What her journey of Present Over Perfect helped her realize was that ‘YOU’ need to do something. It is not out of your control. You can stop filling your schedules and saying yes to everything. You can change the narrative. You can slow down and be the person we truly want to be so others can learn a better way.
The Answer: Stop. Rest. Be Present.
The word that changed everything for Shauna Niequest was “no.” She realized that we are always saying no to something, and for her, it was usually her needs, her health, her happiness. She realized that she had to say no to some people, activities, and opportunities, so she could say yes to herself.
She came to the conclusion that disappointing people can be hard, but so is living your life based on other peoples’ standards. You will always disappoint someone, but do you want it to be you and your family who end up disappointed? Or other people? She made the decision to never let the ones she disappoints be her family or herself.
“No” gave her the chance to slowdown, declutter, and actually see her life for what it was, then take steps to keep only the things that mattered to her. She learned that “no” was her word only for a season. She had to stop and look around, throw out what wasn’t working for her, get real about what she truly wanted in life, then slowly rebuild her life to, as she puts it, be “the right size and dimension and weight.”
She draws an analogy with the lake. At the lake she is calm and peaceful. She and her family follow the natural rhythms of the weather and the sun. They have fewer things, fewer responsibilities, fewer activities, they take in every moment, living simply, slowly, presently.
How Can You Learn to be Present Over Perfect?
Define Your Core Values
To do this, you need to be super clear on your core values and what you want in your life. Use those values to determine whether something – a job opportunity, a social event, an object – fits in with your life and your values, then choose to say yes or no.
(click here for more on how to define core values)
Define and Hold Your Boundaries
You will always disappoint someone, but it doesn’t have to be yourself. This is called holding boundaries. It’s about knowing your limits and being honest with yourself and others about what you want and can handle. This allows you to be generous instead of resentful towards others, because you have integrity with yourself.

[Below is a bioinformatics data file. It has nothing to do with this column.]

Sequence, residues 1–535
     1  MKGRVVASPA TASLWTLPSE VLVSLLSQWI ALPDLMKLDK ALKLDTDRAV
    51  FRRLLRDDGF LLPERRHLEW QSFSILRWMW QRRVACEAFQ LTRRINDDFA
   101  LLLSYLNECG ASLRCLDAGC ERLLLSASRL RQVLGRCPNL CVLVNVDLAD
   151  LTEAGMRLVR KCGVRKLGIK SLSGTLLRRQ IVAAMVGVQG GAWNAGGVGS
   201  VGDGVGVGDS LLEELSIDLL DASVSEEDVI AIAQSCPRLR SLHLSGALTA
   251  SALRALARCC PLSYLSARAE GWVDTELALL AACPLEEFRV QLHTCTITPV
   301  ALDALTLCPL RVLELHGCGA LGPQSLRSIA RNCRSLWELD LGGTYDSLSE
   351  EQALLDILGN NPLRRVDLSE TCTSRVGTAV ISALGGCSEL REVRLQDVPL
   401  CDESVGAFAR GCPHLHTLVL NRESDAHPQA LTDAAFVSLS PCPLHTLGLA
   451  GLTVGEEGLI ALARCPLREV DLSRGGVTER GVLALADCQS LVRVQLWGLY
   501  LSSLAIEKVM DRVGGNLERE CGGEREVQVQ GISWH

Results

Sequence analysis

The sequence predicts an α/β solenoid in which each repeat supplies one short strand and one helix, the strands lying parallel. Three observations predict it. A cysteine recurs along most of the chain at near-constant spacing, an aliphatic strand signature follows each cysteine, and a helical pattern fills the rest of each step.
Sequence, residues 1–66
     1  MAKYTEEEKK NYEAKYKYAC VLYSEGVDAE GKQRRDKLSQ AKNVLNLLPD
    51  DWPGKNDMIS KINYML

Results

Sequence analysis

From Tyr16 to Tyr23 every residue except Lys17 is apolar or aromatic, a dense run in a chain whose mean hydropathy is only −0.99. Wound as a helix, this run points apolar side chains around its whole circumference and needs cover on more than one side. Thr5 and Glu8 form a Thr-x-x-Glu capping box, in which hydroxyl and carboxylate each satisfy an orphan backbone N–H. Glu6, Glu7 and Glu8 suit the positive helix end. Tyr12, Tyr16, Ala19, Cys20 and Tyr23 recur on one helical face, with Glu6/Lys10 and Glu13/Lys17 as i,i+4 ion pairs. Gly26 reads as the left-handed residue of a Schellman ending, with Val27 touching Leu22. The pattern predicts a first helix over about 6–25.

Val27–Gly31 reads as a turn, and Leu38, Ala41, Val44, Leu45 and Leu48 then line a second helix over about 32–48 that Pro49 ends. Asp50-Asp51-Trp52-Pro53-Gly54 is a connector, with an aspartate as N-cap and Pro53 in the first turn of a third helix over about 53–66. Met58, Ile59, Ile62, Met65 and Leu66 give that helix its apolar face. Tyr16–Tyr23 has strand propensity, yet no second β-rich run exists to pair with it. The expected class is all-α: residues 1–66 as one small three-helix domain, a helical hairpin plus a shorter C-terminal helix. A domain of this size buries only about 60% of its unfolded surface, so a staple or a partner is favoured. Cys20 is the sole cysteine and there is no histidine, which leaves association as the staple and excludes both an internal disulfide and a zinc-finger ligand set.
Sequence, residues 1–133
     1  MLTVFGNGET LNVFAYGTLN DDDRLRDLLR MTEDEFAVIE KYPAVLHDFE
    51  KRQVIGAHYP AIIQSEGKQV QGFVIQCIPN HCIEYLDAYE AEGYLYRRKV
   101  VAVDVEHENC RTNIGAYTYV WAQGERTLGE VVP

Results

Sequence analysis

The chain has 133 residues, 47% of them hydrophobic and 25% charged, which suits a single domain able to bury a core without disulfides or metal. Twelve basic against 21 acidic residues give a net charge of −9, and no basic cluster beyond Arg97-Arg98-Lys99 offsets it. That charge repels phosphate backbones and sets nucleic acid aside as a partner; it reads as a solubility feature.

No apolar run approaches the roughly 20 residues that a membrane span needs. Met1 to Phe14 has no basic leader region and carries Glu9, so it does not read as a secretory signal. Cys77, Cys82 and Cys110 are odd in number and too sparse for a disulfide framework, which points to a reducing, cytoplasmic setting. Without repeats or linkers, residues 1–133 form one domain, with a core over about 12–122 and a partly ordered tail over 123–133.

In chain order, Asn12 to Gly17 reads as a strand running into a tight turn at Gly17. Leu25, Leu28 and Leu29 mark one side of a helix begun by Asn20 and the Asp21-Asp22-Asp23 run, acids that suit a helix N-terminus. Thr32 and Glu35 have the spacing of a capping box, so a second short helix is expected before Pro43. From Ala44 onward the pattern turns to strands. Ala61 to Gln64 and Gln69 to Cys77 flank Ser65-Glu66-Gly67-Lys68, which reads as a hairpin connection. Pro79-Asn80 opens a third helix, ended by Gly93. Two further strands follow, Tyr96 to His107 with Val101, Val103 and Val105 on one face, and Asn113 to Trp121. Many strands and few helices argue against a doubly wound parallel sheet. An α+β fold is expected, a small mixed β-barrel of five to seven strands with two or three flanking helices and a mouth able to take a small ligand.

When you start to hear yourself saying you should do something, that is your warning sign. So many of us spend so much time focused on what we should do, think, or feel, that we don’t listen to how we actually feel.
Stop hustling. Stop filling your schedule. Slow way down and follow the natural rhythms of the days and seasons. Make space for yourself to be still and present. Make space for yourself to feel all of your emotions. Spend time in silence. It will serve as your anchor and your sacred dwelling place; where you’ll hear your own voice and learn to honor it. Silence is where you’ll discover your core values and how to live a life based on them; a more present and less perfect life.
I think we all have an opportunity right now to obtain some of the clarity that Shauna Niequest talks about in her book. The pandemic has forced us to slow down and stop. It has forced us to face the reality of our lives and whether the life we are living matches the life we envisioned for ourselves. This collective slowing down, and the devastation that comes with the loss of life, normalcy, health, social circles, etc., can give us similar perspective.
When all the noise, business, and hustle have stopped, you can examine your life and identify the extraneous stuff, both physical and emotional, that you can let go of. Then you can do what Niequest did; rebuild your life to be just the right “size and dimension and weight” for you.